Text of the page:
Ever since being inspired by the activism of low-income high school students of color in Philadelphia in 2009, Jerusha Conner, a professor of education at Villanova University, has made youth activist movements the focus of her research.
A decade after she first began working with the Philadelphia Student Union, a youth-led organization that works to empower young people to demand high-quality education in the city's public school system, Conner has taken a new look at student activism on college campuses today.
In her upcoming book, The New Student Activists: The Rise of Neoactivism on College Campuses (Johns Hopkins University Press, 2020), Conner reanalyzed a 2016 survey she and fellow researchers conducted among self-identified activists at 120 colleges and universities across the country. Conner used the students' answers to survey questions about who they are and the issues for which they advocate to form a picture of present-day student activists. She analyzed their various strategies for change during a period that scholars have described American colleges and universities as drifting from their “civic mission of higher education” and “succumb[ing] to neoliberal pressure to prepare workers for the global economy.”
Q: Who is a “neoactivist” and what role do they have on college campuses?
A: A subset of the new student activists are “neoactivists,” who are characterized by their attention to historical legacies of activism, critical consciousness, intersectional perspective and commitment to assuming collective responsibility for shared public goods. They are “neo” insofar as they are reviving the efforts and modifying the tactics of earlier generations, and the vision and solutions they espouse contrast neoliberalism or market-based solutions that call for individuals to act in their own self-interest. More than half of the respondents in the survey sample targeted campus policies, practices or climate. They raised concerns about their institutions, called for change and worked to hold their schools’ leaders accountable.
Q: What were the most notable differences in strategy you found between student activists advocating for progressive and conservative agendas?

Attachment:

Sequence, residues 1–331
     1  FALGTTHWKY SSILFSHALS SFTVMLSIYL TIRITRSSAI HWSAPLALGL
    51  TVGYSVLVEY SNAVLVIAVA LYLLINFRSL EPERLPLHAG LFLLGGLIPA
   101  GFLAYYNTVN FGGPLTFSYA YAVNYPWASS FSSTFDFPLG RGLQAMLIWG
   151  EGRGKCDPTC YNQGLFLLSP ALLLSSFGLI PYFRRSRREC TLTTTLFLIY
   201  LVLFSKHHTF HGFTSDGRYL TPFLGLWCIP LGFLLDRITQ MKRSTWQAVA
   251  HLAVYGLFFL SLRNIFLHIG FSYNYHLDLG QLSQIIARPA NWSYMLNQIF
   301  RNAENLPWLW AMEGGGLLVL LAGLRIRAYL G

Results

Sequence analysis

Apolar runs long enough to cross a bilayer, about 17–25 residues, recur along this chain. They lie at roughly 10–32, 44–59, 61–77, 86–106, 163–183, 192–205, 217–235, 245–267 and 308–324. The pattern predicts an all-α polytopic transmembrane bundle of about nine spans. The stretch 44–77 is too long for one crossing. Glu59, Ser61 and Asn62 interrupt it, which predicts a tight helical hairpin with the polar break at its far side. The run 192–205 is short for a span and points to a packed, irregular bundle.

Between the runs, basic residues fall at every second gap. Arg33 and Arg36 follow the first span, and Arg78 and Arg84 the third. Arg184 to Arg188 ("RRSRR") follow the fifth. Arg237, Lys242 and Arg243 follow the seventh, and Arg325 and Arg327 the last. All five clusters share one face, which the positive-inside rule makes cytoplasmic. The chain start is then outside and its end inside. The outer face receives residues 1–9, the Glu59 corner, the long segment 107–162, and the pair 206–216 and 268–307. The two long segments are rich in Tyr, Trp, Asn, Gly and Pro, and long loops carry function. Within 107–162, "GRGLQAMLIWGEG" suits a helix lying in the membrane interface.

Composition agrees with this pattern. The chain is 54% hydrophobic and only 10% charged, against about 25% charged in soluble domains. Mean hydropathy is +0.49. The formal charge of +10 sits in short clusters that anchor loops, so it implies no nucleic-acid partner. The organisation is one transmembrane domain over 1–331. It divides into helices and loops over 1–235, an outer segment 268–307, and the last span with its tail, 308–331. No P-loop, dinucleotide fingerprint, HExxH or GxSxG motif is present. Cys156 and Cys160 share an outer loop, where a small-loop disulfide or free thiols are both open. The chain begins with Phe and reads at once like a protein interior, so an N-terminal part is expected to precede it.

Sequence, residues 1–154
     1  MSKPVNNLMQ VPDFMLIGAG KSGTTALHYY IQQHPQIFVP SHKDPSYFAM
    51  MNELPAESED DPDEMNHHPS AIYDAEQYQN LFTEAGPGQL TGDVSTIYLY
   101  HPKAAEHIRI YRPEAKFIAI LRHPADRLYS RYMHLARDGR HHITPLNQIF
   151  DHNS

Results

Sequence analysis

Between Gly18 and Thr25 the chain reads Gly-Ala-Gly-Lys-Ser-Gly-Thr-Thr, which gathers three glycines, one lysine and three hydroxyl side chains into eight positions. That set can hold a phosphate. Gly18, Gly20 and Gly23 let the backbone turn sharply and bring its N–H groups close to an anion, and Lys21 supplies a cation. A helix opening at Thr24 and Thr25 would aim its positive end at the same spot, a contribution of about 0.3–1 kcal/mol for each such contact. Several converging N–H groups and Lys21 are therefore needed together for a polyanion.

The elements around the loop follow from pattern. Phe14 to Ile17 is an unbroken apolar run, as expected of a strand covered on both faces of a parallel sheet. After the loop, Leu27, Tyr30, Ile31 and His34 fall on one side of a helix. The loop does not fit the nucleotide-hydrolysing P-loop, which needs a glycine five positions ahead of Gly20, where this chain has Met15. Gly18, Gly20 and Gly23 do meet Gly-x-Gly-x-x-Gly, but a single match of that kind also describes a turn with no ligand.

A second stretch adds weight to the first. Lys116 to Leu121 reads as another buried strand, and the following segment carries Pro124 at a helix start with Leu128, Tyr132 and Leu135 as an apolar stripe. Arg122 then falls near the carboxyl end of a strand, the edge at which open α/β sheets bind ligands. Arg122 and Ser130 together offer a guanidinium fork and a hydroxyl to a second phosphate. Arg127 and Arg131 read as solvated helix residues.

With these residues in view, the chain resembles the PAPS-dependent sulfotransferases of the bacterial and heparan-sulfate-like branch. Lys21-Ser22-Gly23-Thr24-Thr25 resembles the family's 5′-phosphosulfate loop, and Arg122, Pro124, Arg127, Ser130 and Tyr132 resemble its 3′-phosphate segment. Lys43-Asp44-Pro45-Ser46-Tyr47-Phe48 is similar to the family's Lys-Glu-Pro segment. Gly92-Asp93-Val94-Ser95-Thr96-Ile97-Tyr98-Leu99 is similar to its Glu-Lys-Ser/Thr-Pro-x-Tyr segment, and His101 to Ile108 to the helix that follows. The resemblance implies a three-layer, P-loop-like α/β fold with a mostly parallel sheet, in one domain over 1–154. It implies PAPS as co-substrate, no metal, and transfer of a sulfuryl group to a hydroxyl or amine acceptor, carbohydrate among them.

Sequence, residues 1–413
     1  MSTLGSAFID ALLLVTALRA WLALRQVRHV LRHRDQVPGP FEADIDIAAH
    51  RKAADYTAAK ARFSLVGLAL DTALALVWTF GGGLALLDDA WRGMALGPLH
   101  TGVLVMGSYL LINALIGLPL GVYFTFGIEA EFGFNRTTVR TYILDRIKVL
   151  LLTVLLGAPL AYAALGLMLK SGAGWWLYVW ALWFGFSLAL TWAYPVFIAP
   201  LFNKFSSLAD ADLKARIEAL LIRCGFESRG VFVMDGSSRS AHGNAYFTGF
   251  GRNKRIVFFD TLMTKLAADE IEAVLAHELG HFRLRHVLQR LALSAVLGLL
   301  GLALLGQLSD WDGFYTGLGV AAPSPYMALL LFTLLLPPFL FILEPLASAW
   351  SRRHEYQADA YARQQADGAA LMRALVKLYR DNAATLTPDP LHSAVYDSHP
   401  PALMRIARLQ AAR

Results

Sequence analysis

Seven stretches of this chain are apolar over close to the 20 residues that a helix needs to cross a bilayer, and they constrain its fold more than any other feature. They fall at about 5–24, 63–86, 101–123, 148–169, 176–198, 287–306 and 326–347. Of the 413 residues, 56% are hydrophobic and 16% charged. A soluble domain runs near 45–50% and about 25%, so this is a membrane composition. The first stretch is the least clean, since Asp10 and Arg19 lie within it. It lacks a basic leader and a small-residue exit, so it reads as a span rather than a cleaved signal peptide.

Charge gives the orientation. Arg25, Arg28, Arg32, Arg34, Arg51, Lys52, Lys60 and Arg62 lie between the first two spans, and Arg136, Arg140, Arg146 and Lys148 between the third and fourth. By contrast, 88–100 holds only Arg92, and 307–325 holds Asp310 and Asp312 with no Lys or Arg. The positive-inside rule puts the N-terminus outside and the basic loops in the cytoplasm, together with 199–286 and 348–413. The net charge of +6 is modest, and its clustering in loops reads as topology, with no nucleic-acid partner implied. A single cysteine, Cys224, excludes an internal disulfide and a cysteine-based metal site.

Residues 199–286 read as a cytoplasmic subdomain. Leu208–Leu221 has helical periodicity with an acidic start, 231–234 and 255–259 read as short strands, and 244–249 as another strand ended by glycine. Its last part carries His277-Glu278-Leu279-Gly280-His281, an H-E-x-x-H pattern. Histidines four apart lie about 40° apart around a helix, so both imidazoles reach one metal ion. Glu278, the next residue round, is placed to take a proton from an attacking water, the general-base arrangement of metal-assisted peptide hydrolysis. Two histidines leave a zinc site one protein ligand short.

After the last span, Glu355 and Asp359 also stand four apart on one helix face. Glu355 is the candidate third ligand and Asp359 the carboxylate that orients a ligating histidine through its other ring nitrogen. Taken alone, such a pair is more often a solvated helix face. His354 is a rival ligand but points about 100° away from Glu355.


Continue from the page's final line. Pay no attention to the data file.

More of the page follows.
A: A very small share of the sample advocated for conservative causes. Both groups formed and joined campus-based clubs at similar rates, and they described similar levels of social media use, self-care practice and passion for their causes. They were also similarly connected to national organizations that seek to organize and support students. The conservative student activists tended to have fewer marginalized identities than the progressive students, and they embraced significantly fewer causes than their neoactivist counterparts, who supported eight causes on average. The conservative students also tended to focus more on changing individual hearts and minds than on affecting institutional or social policy, compared to their neoactivist peers.
Q: What has been the response of colleges and universities to student activist pressure?
A: In some cases, institutions have chosen to work with the activists: holding high-level or public discussions, inviting them to speak to the Board of Trustees, providing them with funding to attend national conferences. In other cases, institutions have threatened activists with disciplinary sanctions or simply ignored them altogether. One respondent described how her institution sought to placate her and her peers by “talking [the issue] to death,” referring their concerns to committees that never seemed to accomplish anything. Some institutions have made symbolic changes in response to activist demands, while others have made more substantial changes. In general, I found greater institutional support for student activists at smaller, private liberal arts colleges than large public schools, which in some cases were facing budget cuts and political pressure to clamp down on student activism.
Q: What is the role of social media in modern student activist movements?
A: Although only 64 percent of respondents reported using social media regularly for their activism, those who did explained that it was a very useful tool for recruiting new members, mobilizing students for actions, learning from similar groups on different campuses and building a sense of community and solidarity. Several respondents also described developing a stronger understanding of issues or a deeper critical perspective by reading fellow activists’ posts. At the same time, student activists in this study voiced disdain for “hashtag activism,” or activism that was only performed online.
Q: Are modern student activist movements more intersectional than past movements, and has this approach been effective?
A: Neoactivists are attentive to both the multifaceted nature of identity as it relates to power and privilege and the interconnections among issues of injustice. Whereas it might have been more common in the past for a student activist to plant a stake firmly in one social movement or another, more than half of respondents indicated that their activism addressed seven or more interconnected issues. Although an intersectional perspective was certainly present at the periphery of earlier movements, it has moved to the mainstream for the current generation.
Q: Do you believe student activists are the primary agents of social change?
A: I believe that student activists have an important role to play in calling attention to what they see as wrong, proposing correctives and demanding action and accountability from leaders. They often speak with a sense of moral urgency that I find moving. Of the student activists in this book, 93 percent expected to continue their activism beyond college and incorporate it into their careers. The new student activists’ commitment to taking action to address social wrongs runs deep.